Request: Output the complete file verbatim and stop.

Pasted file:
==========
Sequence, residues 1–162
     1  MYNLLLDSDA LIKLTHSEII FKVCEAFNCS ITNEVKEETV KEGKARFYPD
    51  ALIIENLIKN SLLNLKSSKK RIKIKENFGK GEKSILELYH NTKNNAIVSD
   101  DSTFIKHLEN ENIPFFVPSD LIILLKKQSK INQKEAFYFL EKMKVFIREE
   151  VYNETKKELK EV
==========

Sequence, residues 1–162
     1  MYNLLLDSDA LIKLTHSEII FKVCEAFNCS ITNEVKEETV KEGKARFYPD
    51  ALIIENLIKN SLLNLKSSKK RIKIKENFGK GEKSILELYH NTKNNAIVSD
   101  DSTFIKHLEN ENIPFFVPSD LIILLKKQSK INQKEAFYFL EKMKVFIREE
   151  VYNETKKELK EV